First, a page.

With Maxime Bernier ditching the Conservatives to create a political party of his own, you may be wondering, “Could I, an eligible Canadian voter, start my own federal party?”

Yes, you can. Here’s how.

First things first: you need supporters. The Canada Election Act requires 250 members who are electors -- that is, people who are 18 or older and eligible to vote in Canada. Their names, addresses and signatures are required. The contact information must be accurate, because Elections Canada reaches out to members to verify their affiliation.

Next, you need a unique name. It can’t include the word “independent,” so as not to be confused with candidates running as independents, and it can’t closely resemble an existing party’s name. Same goes if your party has a logo, an abbreviation or an alternate French name.

Then there’s the team. A party needs to have at least three “officers” in addition to its leader, an auditor with proper professional registration, and a chief agent who is legally able to enter into contracts in their province or territory.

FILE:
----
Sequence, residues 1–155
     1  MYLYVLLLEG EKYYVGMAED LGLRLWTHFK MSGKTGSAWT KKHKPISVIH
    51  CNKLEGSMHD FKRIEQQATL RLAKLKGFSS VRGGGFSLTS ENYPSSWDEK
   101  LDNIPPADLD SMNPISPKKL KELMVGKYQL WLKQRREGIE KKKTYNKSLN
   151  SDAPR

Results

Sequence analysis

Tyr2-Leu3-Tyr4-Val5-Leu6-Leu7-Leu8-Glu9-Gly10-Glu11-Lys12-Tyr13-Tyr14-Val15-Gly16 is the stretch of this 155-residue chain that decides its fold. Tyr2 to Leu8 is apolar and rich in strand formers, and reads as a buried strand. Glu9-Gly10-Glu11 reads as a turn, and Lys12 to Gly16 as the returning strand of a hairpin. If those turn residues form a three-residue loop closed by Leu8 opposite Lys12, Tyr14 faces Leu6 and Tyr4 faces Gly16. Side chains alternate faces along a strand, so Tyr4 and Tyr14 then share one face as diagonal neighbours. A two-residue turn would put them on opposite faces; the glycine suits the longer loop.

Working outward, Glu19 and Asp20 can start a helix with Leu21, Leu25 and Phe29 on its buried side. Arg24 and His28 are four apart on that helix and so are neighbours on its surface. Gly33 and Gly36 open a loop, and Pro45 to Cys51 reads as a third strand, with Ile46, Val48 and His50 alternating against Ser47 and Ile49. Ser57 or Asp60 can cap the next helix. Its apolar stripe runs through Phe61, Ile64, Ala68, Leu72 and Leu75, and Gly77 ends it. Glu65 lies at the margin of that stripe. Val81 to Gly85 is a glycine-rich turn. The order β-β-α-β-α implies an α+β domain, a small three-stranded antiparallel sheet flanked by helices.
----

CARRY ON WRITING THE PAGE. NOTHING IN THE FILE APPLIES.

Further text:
With that, the party has enough to be considered eligible for registration in the eyes of the Canada Elections Act.

If you think something important seems missing, you’re right -- candidates. To go from eligible to officially registered, a party must endorse at least one candidate for a general election or by-election. With that, the candidate’s name will be ready to appear on the ballot.

An important timing note: the party must register at least 60 days before an election.

Once registered, a party is required to meet numerous requirements. There are strict rules on audits, maintaining party membership and deadlines for registration.

For full details on how to get your party off the ground and keep it running, visit Elections Canada.